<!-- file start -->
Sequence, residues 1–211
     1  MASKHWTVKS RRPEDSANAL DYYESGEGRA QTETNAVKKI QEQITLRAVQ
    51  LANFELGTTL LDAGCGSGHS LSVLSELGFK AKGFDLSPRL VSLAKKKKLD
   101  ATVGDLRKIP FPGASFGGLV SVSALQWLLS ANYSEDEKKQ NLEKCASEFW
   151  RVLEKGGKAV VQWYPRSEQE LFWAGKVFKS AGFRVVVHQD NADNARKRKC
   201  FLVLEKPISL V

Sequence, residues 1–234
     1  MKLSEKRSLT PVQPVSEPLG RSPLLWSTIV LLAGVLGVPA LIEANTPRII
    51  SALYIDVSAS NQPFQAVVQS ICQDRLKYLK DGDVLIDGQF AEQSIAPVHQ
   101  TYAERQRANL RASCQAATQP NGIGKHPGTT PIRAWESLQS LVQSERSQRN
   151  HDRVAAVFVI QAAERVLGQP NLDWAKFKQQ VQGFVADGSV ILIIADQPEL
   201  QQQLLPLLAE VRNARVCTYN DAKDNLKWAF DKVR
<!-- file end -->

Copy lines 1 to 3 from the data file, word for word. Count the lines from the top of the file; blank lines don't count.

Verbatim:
Sequence, residues 1–211
     1  MASKHWTVKS RRPEDSANAL DYYESGEGRA QTETNAVKKI QEQITLRAVQ
    51  LANFELGTTL LDAGCGSGHS LSVLSELGFK AKGFDLSPRL VSLAKKKKLD